It is Okay Not To Be a Superhero” – Reflections on Achieving Work-life Balance

It is Okay Not To Be a Superhero” – Reflections on Achieving Work-life Balance

On the occasion of International Women’s Day,  Shwetha Sivaraman, a self-mastery coach and the presenter of Being Meraklis podcast, hosted women in their 40s and 50s to share their wisdom on navigating 30s as a working woman. Over 12 women who have aced different fields from entrepreneurship to art gathered to reflect and share insights that could help women in their 30s balance both personal and professional life.  

Samriti Makkar Middha, a queer affirmative psychologist and co-founder of Equilibrio LLP, joined this important conversation as well. She shared her perspective and tips on what could make 30s easier for working women. Here are some takeaways from the stimulating discussion: 

“Three Things I wish I knew in my Thirties” 

Samriti dwelled upon the importance of realizing one’s worth and place vis-a-vis their professional and personal life. She broke down the much-spoken about concept of work-life balance into tiny nuggets of wisdom. 

“Career is Long term”  

1) “Listen to that knock on the door”:

Highlighting the importance of having foresight when it comes to building a career, Samriti exhorted her listeners to consider a few things. To listen to every metaphorical knock on the door of their professional life. Not all things might work out as a person plans, but listening to every feeble knock on the door and remaining open to take chances is a go-to principle in her book.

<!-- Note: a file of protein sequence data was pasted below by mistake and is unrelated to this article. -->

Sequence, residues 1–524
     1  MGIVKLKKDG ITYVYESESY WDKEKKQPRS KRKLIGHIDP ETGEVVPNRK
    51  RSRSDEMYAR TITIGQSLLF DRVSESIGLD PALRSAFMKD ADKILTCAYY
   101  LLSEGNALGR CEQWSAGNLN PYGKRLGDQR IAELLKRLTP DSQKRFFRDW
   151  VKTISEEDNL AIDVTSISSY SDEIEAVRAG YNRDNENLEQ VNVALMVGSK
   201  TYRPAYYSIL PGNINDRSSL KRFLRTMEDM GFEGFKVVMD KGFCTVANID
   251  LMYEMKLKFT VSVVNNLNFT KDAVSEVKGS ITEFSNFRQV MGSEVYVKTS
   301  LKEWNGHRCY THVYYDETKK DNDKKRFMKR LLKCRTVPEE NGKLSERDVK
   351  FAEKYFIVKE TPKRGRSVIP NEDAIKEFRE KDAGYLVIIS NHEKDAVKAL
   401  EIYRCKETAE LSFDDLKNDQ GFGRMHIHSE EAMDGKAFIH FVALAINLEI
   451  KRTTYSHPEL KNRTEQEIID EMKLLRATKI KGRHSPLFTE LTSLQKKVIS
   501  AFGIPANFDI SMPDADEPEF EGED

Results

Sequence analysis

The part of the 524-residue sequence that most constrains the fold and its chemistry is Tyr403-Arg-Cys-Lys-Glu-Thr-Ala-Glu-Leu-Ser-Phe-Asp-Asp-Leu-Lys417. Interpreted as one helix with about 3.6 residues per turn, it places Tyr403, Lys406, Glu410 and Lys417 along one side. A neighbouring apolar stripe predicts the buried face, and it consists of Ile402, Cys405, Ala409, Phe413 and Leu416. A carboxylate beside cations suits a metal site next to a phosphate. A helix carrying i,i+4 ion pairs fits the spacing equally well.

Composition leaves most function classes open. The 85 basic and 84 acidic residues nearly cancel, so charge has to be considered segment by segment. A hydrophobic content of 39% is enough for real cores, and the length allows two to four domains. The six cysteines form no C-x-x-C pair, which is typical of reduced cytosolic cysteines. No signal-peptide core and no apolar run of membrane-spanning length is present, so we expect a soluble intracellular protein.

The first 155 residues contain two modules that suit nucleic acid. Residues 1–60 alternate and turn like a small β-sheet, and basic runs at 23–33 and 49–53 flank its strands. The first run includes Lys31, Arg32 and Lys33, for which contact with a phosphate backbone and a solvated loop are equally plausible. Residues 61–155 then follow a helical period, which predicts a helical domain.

Exploring every opportunity to rediscover one’s forte and add to their skill sets is a very important quality in her view. Therefore, astutely assessing all career opportunities becomes a necessary tool to move forward. 

2) “Overcoming Internalized Biases”:

Samriti spoke about the natural human need for familiarity, and conversely avoiding whatever is unknown. Known as the affinity bias, this tendency is very common in human beings. However, Samriti rightly stressed how organizations are increasingly looking for diverse experiences and diverse skill sets when hiring talent. 

To thrive in diverse work environments, a very important process is to look at and assess any internalized biases that may come up towards any social group. Samriti reflected on her personal experience of conducting sessions with leaders where men are comfortable at the table, but she needs to gently invite the women to participate as well. In such situations, having a clear internal reflection mechanism takes one a long way.